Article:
As we head toward the Summer—only one more week of 2L and 3L classes—I am returning to a longer project that I have been pursuing. The first post in the series is here.
But this change in technology has brought with it a more fundamental alteration of the landscape of content. With prior technologies, non-professionals—call them amateurs—couldn’t afford the standard tools for making content and lacked access to broad channels of distribution. The declining cost of the tools of production and distribution—the personal computer and the network—have changed that, with dramatic results. We have millions of bloggers. Content that might have been read by no one ten years ago—a diary—is available to the world through blogging. Small-group discussions that might have been done via email before now take place in public, on blogs and across blogs. Bands that would otherwise just be making noise in someone’s garage—preferably one a few blocks away—can now find a following on mySpace; and amateur videos are now competing with television on sites such as YouTube and iFilm. An uploaded video on YouTube may be seen by more viewers than a movie distributed by a major movie studio. This is the era of spontaneous scale.
The technological barriers to entry are gone, and so are the gatekeepers: you decide whether to create content and you can reach as many people as will pay attention. If you are willing to give away your content for free, there has never been a better time. How does a garageband get its songs played on the radio? The cynical answer is the same way everyone else does—by paying for it (payola or playola)—but whether radio stations make independent judgments about music or just follow the money, four 16-year olds in a Chicago garage don’t stand much of a chance. And radio is a local medium: there is no assurance that the audience for this particular band is in Chicago. Now a garageband can upload a song to its mySpace profile and develop a following anywhere in the world.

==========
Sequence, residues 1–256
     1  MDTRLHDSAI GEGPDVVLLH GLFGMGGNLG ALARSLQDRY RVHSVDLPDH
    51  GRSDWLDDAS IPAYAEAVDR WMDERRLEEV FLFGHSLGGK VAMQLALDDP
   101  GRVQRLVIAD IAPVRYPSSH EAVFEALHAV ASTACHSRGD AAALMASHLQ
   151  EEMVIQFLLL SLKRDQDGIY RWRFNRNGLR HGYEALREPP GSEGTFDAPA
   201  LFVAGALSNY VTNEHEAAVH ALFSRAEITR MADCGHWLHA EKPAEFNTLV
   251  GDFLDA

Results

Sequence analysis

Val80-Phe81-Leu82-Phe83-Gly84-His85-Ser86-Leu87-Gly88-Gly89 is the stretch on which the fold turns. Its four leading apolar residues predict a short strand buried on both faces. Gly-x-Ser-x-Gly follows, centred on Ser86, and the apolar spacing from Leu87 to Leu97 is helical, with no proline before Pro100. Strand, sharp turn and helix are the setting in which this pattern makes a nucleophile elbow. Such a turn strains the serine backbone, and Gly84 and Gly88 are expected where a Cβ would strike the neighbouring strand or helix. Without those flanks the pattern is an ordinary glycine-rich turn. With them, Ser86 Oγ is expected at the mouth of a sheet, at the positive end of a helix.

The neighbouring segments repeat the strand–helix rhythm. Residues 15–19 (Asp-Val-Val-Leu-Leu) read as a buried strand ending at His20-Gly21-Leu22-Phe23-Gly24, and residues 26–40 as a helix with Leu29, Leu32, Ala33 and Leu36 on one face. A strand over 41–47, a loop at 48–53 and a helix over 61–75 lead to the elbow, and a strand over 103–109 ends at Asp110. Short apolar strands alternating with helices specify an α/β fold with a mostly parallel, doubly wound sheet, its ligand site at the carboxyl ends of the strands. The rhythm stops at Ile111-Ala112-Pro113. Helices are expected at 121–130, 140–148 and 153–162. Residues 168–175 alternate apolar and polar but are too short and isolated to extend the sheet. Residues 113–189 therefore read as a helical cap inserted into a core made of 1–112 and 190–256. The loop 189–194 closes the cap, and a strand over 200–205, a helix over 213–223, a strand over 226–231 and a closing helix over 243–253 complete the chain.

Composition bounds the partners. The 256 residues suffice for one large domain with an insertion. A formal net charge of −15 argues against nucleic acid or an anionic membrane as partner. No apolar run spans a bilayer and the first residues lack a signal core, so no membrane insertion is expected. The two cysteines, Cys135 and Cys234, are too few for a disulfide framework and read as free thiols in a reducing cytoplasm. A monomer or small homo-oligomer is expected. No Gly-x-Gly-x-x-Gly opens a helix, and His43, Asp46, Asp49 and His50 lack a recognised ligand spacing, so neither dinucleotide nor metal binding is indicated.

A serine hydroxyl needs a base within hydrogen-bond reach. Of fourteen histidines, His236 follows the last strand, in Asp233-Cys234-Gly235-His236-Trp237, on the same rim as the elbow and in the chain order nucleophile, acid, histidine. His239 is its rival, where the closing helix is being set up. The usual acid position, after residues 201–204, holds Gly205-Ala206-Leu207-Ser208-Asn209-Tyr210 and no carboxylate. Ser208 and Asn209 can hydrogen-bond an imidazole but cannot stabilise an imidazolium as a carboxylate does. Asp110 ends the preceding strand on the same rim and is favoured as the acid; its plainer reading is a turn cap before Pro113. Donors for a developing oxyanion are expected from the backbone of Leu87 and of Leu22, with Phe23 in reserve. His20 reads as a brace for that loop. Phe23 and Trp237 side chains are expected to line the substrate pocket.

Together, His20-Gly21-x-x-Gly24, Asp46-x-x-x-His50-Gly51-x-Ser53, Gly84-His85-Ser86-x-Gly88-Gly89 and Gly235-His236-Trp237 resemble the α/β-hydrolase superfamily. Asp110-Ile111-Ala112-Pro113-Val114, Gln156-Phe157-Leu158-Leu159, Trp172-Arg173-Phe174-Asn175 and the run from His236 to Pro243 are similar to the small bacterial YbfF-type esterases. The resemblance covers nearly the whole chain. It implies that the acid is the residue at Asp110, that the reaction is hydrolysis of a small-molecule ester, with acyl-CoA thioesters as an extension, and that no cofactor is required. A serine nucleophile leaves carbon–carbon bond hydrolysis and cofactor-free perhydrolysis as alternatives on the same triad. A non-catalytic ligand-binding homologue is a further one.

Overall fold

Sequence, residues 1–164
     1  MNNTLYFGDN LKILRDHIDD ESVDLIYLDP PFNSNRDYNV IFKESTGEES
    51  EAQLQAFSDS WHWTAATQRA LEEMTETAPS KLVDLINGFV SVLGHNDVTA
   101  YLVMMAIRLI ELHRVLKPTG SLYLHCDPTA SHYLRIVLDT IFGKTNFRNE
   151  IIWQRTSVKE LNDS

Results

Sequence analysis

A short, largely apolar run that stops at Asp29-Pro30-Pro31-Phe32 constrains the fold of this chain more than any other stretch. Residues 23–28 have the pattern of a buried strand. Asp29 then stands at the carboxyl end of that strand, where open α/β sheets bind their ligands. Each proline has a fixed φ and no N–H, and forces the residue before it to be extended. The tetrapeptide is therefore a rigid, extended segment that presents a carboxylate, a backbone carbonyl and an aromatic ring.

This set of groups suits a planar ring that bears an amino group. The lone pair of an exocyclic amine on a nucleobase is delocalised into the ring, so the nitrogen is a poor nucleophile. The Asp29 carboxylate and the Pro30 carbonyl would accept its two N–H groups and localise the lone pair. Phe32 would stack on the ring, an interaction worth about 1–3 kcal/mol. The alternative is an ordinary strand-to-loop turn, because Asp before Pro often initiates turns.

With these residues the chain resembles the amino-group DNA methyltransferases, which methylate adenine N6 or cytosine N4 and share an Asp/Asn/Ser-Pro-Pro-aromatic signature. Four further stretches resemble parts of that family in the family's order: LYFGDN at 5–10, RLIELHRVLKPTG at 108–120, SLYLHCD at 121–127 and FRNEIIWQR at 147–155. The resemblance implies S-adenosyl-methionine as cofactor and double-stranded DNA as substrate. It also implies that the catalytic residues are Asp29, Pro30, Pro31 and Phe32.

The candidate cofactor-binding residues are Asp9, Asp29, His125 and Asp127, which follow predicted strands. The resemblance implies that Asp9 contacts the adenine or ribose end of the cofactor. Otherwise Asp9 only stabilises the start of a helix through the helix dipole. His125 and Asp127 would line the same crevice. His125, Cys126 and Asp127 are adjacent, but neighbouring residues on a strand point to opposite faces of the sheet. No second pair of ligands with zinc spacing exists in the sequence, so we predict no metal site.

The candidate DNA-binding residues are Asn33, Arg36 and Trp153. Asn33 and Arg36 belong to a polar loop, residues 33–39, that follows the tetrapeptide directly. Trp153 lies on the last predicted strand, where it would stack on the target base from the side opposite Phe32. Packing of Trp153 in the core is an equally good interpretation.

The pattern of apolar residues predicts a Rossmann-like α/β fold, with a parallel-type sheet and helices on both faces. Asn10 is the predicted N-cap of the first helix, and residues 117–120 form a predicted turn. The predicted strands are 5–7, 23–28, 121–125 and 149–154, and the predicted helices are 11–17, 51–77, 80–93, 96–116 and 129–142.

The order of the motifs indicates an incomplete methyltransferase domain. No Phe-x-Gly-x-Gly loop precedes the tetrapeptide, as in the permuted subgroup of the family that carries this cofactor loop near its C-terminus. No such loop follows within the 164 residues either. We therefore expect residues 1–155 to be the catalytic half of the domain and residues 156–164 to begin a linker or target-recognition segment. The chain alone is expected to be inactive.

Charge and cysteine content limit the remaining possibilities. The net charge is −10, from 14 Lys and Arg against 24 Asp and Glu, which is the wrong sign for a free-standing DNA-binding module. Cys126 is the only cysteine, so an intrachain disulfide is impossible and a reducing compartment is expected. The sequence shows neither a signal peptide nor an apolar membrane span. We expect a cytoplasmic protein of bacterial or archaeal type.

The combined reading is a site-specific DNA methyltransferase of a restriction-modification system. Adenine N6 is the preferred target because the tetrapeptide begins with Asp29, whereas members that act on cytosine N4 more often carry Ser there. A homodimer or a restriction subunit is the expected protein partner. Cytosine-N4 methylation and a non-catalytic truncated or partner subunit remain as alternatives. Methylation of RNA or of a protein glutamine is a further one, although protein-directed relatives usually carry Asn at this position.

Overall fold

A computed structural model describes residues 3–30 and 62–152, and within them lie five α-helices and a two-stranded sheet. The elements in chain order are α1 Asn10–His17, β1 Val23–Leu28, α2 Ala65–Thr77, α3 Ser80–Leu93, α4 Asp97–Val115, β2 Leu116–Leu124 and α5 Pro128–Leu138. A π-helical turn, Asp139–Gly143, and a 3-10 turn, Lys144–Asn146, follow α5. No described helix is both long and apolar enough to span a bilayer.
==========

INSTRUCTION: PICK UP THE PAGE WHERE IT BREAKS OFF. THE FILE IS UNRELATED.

This has blurred the line between professional and amateur; indeed, it is hard to think of those as meaningful categories anymore. This is especially true if we taken into account that much content is paid for not by viewers but instead by advertisers and that authors often produce free content at the beginning of their careers with the hopes of landing paying work later. Few blogs—indeed I know of none—are run on a charge-for-viewing model. I subscribe to The Economist, but I don’t pay to read The Huffington Post. But both of those publications come with advertisements, and that authors (or publishers) are making money off of the content. Is any blog with advertisements the work of professionals?
And if I hope that my blog with attract sufficient readership so that I can have advertising, does that make me a professional too? Or if I hope to get a book deal from my blog? Most blogs hide in plain sight, visible to everyone, but seen by very view, but some blogs win the content lottery. In January, 2004, Stephanie Klein started her blog “greek tragedy” after the break-up of her marriage. Klein’s day-by-day posts gained a following as she recounted her return to dating. Her diary—with all the usual frankness—but available to all. Klein’s blog led to a book deal and Straight Up and Dirty was released in July, 2006. Entertainment Weekly picked it as one of its 50 Hot Summer Books and Klein hoped to turn her adventures into an NBC television show. When did Klein go pro? When do the Klein wannabes go pro? With the first blog post or sometime before that?
Much of the free music and video content that we see on mySpace and YouTube are the equivalent of copyright internships: no-pay jobs designed to get attention and a foot in the door to get a paying copyright job. The intern won’t seek to enforce the copyright in her work as she recognizes that she has no chance of getting any attention if she makes people pay for the work. But we shouldn’t think that copyright isn’t important to our intern. She really wants to sell her work but she can’t get to that stage if she doesn’t give away her work initially. But absent the lure of selling the work tomorrow—and she needs copyright to do that—she would never give away the work today. In an era of spontaneous scale, save for a few, we are all professionals now.